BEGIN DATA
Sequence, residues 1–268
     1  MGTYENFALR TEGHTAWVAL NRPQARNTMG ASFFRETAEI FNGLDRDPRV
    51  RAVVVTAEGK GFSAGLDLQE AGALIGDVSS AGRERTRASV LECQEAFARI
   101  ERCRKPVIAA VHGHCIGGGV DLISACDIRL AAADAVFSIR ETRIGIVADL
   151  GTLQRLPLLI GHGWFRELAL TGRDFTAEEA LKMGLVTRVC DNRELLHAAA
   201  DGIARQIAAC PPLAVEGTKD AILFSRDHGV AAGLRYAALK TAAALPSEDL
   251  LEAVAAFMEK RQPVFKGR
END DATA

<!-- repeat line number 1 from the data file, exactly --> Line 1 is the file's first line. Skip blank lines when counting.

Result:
Sequence, residues 1–268